This Week in Automotive History: February 18-February 24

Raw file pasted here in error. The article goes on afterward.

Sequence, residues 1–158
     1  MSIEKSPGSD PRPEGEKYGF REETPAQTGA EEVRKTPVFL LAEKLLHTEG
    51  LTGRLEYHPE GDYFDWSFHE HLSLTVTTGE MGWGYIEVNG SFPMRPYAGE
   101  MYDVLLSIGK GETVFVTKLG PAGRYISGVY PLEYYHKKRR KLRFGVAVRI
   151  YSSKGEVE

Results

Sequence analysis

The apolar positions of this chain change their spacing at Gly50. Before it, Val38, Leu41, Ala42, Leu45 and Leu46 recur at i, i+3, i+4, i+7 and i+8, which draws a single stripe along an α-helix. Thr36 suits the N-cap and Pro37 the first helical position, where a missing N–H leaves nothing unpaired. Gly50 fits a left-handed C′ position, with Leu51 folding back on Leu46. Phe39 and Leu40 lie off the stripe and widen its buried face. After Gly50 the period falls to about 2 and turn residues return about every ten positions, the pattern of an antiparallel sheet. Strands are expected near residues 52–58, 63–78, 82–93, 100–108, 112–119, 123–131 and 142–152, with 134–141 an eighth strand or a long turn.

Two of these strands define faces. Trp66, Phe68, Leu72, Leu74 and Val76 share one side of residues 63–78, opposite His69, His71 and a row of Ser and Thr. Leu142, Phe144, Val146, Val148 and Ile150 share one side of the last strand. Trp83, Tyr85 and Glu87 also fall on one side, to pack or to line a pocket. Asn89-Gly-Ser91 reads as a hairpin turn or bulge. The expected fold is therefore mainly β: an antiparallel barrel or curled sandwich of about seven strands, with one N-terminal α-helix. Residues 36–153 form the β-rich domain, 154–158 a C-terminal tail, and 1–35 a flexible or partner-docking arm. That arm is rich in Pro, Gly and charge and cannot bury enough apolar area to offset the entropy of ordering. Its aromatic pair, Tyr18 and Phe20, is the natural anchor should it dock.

Welcome to “This Week in Automotive History,” where we take a look back at significant moments in the auto industry from our past. Why the whole week in one post? Because we’re not a damn “Word a Day” desk calendar. You want a word for today? “Donnybrook” There, look it up. Anyways, on with the history…  Monday, February 18 1898-Enzo Ferrari is born in Modena, Italy. After a brief stint in World War I, Enzo became a test driver for Alfa Romeo. Soon after he won one of the first post-war Eureopean races, and Alfa Romeo promoted him to chief factory driver. However, young Enzo was not satisfied with simply driving cars, his true passion was designing and improving them.  He left Alfa Romeo shortly before WWII, and in 1947 he rolled out his first car, the 125 S. Throughout the 1950s and 1960s, Enzo Ferrari built many memorable cars, including the legendary 250. Enzo passed away in 1988, however his son Piero is a vice president within the Ferrari organiztion and holds a 10% stake in the company. Today the carmaker is known for being one of the top supercar makers in the world. Iconic models such as the F40 and the 458 Italia have continued Enzo Ferrari’s legacy, ensuring his place in automotive lore for years to come. Tuesday, February 19 1984-NASCAR driver Cale Yarborough wins his fourth Daytona 500. The only NASCAR driver with more Daytona trophies is the legendary Richard Petty, who has seven. Like many NASCAR drivers, Cale Yarborough was born in South Carolina. After racing cars as a teenager, he got into a NASCAR ride in 1963 and won his first Daytona 500 in 1968. Another Daytona victory followed in 1977. In 1979, he won for the 3rd time. The ’79 contest was notable in that it was the first Daytona 500 to be broadcast on TV for the full duration of the race. It was also known for the controversial brawl involving Yarborough and the Allison brothers, which boosted TV ratings and increased interest in the fledgling sport. Cale Yarborough retired at the end of the 1988 season. His final tally was 83 Winston Cup victories. Wednesday, February 20 1997-On this date one of Seinfield’s most popular episodes, called The Pothole, airs on TV. The main plot revolves around one of the characters, Cosmo Kramer, as he attempts to clean up a section of the fictional Arthur Burghardt expressway. This was done as part of the real-life cleanup program known as the Adopt-A-Highway project. In the Seinfield episode, hilarity ensues when Kramer attempts to change the 4-lane highway to a 2-lane setup. His antics culiminate in setting a mail truck on fire after leaving paint thinner on the highway. The episode was one of Seinfield’s all time greats, garnering an Emmy award for director Andy Ackerman. Thursday, February 21 1948-NASCAR is officially incorporated. Bill France, a well-known racing driver from Florida, is named president. The new organization held its first stock race at the Charlotte Speedway in North Carolina in 1949. Driver Glenn Dunaway won the contest in a Ford, however he was disqualified after it was discovered he was using illegal rear springs. A year later, the first track built for NASCAR opened in Darlington, South Carolina. In 1972, Bill France handed control of NASCAR to his son, Bill France Jr. Under his direction, NASCAR became one of the top sports establishments, raking in millions of dollars a year. NASCAR has three national series, along with four regionals and two international contests. Friday, February 22 1959-The first Daytona 500 is held, with driver Johhny Beauchamp initially declared the winner in an extremely close finish. However, second-place Lee Petty successfully convinced Bill France that he had in fact won. The official verdict was overturned and Petty was crowned the winner. Saturday, February 23 1958-Famed Formula 1 driver Juan Manuel Fangio is kidnapped from his Havana hotel room shortly before the start of the Cuban Grand Prix. The feat was pulled off by a band of Fidel Castro’s rebels, who had intended to draw publicity for their cause. An unharmed Fangio was released several hours after the race ended. Juan Fangio was one of Argentina’s most successful F1 drivers, winning the championship four years in a row from 1954 to 1957. However, Fangio quit racing shortly after the kidnapping, claiming that the cars had become too fast and dangerous. He passed away in 1995 at the age of 84. Sunday, February 24 1955-Alain Prost is born near Saint-Chamond, France. He would go on to become one of F1’s most feared drivers in the 1980s. However, the one defining aspect of his career was the notorious rivalry with fellow driver Ayrton Senna. The two were teammates on the McLaren F1 team in 1988, but Prost quit after the season to join the Ferrari team. Prost and Senna would cross swords on and off the track for years to come, until Senna perished in a crash in the 1994 San Marino Grand Prix. Alain Prost had retired a year before the accident, and eventually purchased the Ligier F1 team in 1997. After four underachieving years, the team was dissolved due to financial issues.

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